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Naughty pharma?

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Squashed in amongst men and women in black tie and evening gowns I eagerly await the evening’s entertainment. I am currently peering down from my velvet seat in the amphitheatre and curiously sizing up the two men who will step into the spotlight.

They are about to take part in a very public battle and I, with the rest of the audience, will decide who has won or lost. But this is verbal combat. Nonetheless, a volatile subject is to be broached: is the pharmaceutical industry getting its act together?

The head to head debate, organised by PharmaTimes, is taking place in the gloriously antiquated Royal Institution (26 February).

Taking to the stage are Ben Goldacre, of Bad Pharma fame, and Stephen Whitehead, chief executive of the Association of the British Pharmaceutical Industry (ABPI). Both have publicly aired their dislike of the other’s opinion on this matter but are keen to exchange somewhat barbed compliments.   

Dr Goldacre and team, including BMJ editor, Fiona Godlee, urge transparency of clinical trial data and have been spurred on recently by the success of the “juggernaut” that is the All Trials campaign. Dr Goldacre says that the dissemination of clinical research is fundamentally flawed. He cites evidence that overall only 50 per cent of clinical trials of medicines currently in use have been published.

Furthermore, the chance of a positive trial being published is double. In addition, he says, the industry continues to fail to comply with clinical trial registration guidelines and only 22 per cent of trials have been published on within a year of completion, as recommended. It is noted that academia is a worse offender than industry.

But this is not simply a question of right and wrong, winner and loser; evil pharma against noble clinician and innocent patient. It is a far more complex and subtly hued debate.

Stephen Whitehead, quite dogmatically, says that the ABPI would not respond to PR-driven campaigns like All Trials. But I feel he is missing a PR trick if he doesn’t. The pharmaceutical industry has been responsible for a lot of good in the world, as he rightly points out, but public perception does not seem to reflect this. Signing up to the campaign would cast them in a better light.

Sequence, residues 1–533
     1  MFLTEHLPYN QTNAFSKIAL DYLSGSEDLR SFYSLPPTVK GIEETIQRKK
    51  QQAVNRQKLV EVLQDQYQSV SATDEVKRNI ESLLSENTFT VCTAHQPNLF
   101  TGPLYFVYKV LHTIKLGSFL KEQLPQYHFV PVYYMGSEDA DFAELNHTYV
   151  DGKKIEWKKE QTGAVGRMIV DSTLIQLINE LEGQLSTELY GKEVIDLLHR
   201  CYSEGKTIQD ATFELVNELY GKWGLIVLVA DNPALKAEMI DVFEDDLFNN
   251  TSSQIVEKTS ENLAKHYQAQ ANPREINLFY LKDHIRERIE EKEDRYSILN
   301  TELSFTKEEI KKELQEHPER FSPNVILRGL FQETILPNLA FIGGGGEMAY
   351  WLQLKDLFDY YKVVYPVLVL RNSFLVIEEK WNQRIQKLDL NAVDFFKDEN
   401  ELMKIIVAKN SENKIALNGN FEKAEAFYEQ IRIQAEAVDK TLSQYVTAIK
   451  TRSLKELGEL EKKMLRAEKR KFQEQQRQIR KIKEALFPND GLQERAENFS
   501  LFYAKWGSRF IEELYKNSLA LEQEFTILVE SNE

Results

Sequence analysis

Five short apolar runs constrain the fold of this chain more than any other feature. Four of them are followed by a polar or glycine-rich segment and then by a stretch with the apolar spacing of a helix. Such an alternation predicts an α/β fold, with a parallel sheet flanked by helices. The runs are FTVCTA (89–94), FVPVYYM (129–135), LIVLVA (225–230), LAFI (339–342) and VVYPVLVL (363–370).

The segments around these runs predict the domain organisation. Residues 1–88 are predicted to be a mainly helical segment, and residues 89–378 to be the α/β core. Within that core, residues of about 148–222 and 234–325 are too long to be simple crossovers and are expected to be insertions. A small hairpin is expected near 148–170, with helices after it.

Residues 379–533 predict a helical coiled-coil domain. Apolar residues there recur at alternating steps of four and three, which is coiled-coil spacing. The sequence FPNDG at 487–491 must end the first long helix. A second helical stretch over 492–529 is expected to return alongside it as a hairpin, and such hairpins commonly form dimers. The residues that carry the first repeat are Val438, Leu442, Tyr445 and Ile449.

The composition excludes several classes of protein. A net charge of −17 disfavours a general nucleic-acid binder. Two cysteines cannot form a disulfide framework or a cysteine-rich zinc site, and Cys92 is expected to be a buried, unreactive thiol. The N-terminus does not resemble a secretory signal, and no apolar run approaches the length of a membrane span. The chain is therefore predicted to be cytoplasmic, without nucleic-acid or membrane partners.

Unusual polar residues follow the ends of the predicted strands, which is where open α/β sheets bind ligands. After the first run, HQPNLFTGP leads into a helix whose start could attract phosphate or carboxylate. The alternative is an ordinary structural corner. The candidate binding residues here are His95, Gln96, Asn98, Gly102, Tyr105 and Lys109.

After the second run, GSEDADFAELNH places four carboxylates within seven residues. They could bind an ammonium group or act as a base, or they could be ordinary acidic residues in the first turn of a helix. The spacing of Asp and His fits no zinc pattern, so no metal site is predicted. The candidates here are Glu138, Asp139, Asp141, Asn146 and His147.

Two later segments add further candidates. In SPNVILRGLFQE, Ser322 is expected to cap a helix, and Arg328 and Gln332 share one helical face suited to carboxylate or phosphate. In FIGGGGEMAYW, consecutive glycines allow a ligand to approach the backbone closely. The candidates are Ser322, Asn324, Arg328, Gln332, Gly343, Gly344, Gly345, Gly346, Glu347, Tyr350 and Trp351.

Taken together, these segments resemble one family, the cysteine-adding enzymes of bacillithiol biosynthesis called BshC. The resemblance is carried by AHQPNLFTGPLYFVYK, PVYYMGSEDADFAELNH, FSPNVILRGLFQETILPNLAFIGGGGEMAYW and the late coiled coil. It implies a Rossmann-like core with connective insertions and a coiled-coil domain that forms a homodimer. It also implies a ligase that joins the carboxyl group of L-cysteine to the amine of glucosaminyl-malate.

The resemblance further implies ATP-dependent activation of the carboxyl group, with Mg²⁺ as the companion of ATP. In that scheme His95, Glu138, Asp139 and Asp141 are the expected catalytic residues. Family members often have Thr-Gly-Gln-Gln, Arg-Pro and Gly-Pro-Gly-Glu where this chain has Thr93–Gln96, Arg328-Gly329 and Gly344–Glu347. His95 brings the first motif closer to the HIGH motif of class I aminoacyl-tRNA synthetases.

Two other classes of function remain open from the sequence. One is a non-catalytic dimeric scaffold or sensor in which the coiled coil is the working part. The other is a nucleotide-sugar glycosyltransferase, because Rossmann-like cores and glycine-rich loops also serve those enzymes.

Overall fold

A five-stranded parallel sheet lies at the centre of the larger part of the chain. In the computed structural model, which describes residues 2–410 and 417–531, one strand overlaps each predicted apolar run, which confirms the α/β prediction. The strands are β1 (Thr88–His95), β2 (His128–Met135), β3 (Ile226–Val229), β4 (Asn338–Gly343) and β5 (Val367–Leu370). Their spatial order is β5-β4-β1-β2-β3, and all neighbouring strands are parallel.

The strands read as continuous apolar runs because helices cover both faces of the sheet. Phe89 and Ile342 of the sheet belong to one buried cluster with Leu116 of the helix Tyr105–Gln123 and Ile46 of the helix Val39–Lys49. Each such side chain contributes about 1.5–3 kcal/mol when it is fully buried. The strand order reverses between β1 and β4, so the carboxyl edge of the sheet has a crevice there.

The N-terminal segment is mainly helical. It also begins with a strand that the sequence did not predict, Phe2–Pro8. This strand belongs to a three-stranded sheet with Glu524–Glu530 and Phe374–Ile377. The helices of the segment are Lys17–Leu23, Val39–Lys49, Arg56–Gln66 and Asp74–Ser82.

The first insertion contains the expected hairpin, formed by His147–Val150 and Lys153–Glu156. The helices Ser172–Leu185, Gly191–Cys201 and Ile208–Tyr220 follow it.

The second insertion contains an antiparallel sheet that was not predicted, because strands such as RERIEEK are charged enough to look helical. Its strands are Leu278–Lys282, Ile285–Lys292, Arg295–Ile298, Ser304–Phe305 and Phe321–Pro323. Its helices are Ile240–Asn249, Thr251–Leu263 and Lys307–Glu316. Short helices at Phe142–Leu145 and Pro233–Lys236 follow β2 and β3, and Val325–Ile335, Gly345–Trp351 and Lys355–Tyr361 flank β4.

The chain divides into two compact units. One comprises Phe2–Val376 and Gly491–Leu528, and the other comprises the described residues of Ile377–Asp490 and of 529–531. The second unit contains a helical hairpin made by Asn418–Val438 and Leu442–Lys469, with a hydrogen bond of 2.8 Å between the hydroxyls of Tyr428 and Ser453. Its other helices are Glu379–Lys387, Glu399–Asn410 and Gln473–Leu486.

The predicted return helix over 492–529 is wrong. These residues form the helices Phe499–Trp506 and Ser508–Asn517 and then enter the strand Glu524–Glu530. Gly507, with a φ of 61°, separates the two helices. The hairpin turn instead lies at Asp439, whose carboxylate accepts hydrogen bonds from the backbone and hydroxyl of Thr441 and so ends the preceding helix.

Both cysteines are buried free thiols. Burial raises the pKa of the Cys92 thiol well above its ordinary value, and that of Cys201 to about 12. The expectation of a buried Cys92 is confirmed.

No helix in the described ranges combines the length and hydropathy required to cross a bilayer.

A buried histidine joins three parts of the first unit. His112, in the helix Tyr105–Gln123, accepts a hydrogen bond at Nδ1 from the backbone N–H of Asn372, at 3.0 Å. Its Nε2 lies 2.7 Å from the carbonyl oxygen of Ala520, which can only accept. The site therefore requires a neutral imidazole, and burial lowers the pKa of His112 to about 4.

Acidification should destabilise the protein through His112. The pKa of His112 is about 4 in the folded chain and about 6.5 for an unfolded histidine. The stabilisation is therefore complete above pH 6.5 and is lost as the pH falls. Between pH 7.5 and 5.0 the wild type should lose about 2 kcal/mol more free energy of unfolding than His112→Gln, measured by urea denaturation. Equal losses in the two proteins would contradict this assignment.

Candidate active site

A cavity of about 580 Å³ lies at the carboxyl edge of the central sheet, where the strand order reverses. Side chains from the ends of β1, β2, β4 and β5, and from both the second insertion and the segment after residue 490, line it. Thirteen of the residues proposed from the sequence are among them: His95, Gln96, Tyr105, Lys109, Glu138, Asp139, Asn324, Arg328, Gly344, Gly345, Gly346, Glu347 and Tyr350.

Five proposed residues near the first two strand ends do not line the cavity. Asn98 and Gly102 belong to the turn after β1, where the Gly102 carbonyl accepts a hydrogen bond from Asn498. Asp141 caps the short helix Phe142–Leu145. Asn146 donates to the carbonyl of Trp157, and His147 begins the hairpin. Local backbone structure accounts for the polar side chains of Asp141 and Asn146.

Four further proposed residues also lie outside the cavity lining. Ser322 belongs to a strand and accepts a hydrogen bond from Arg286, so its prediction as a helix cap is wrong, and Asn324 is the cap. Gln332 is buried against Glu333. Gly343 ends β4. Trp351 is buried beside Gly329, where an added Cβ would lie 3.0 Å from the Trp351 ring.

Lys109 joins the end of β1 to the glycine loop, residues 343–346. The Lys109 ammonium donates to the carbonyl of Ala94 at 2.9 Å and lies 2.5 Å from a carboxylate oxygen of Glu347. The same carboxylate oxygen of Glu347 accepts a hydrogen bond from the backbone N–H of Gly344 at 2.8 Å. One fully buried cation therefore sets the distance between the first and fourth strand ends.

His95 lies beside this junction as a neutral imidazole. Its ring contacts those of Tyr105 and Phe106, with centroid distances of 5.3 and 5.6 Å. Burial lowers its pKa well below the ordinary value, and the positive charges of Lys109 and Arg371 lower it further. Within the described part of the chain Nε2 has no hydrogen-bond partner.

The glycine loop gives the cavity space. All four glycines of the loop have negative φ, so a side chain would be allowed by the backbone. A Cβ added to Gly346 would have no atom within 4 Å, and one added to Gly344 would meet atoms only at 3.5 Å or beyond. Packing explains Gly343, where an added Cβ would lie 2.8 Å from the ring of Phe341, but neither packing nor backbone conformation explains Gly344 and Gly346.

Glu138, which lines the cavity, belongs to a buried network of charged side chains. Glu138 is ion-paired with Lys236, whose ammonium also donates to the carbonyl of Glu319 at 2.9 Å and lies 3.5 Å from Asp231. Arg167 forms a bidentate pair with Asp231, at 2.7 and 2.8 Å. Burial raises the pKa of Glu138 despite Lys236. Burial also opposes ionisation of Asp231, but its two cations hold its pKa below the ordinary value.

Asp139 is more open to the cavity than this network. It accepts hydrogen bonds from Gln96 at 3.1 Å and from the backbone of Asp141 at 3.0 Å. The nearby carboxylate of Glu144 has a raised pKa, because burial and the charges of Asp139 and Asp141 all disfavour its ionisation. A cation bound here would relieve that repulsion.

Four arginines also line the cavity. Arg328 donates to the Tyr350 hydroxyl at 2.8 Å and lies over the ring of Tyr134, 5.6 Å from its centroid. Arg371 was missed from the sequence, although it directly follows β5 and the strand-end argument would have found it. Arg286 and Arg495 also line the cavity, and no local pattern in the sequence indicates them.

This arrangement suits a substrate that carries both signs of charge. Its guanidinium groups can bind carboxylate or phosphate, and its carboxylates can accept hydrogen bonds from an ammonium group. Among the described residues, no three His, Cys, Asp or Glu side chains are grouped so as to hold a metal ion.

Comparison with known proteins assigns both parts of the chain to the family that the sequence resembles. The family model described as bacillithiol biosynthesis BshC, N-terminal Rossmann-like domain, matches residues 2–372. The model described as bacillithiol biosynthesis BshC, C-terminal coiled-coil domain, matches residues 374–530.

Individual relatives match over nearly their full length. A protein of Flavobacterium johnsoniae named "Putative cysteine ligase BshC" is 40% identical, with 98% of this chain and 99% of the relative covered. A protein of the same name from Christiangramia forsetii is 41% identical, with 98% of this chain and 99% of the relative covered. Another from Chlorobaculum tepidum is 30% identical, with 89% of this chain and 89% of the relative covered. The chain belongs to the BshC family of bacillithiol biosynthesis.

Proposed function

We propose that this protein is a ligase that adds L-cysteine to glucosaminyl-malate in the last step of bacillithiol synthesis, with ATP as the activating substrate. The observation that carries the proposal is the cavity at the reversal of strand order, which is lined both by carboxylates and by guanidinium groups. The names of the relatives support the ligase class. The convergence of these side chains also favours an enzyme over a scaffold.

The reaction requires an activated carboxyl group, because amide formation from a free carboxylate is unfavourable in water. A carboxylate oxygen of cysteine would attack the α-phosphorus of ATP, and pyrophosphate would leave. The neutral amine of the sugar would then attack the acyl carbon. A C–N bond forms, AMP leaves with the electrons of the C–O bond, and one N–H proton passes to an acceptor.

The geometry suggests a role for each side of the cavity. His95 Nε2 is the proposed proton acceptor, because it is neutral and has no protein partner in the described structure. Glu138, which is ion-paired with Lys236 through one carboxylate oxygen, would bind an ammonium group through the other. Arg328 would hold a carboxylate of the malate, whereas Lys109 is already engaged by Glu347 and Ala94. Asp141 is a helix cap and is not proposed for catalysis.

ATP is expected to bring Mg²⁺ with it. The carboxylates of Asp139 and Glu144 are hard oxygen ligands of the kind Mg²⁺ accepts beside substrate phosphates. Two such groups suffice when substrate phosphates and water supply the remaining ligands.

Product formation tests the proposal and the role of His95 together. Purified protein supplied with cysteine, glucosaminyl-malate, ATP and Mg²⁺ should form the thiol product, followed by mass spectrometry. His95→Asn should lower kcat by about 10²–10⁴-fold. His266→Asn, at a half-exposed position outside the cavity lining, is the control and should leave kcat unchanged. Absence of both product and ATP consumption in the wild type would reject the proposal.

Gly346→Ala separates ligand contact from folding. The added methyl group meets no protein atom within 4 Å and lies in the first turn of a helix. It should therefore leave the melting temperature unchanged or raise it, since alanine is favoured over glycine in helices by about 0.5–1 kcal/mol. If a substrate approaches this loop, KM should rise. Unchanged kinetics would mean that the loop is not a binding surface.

Yet I think the point he is trying to make is that the All Trials campaign does not offer any practical solutions. It wants all clinical trials to be registered and all methods and results reported and it rallies to “call on governments, regulators and research bodies to implement measures to achieve this”. Which is great, really, a wonderful idea. But wait… any advice on those pesky measures that we should be implementing?

The crux of Stephen Whitehead’s argument seems to centre on this point. Although he agrees that full data transparency is a good thing, he argues that the ABPI and others are trying to achieve this — it’s just a much bumpier road than anticipated.

The devil is in the detail, as one of his supporters points out. Nevertheless, the ABPI has this month taken visible steps to try to encourage data transparency in line with its code of practice.

So all information should be available to researchers and the public — but this requires much more than social network campaigning to get these huge corporations to comply. A structured and thorough regulatory process needs to be put in place. I’d like to see Goldacre and co. put forward a range of solutions for scrutiny.

I agree that pharma needs to be brought into line, but someone needs to show them the way. Namely an organisation that can grab them by the bottom line. One that can impose fines or, even, carry out audits and inspections if companies fail to adhere to rules on clinical trials.

Of course pharmaceutical companies are unlikely to come forward with all their data voluntarily, especially when doing so might more than highlight their shortcomings.

I do believe public pressure is part of addressing the problem. Pointing the finger at those naughty pharma companies is all very well, but real and practical solutions are what is needed.

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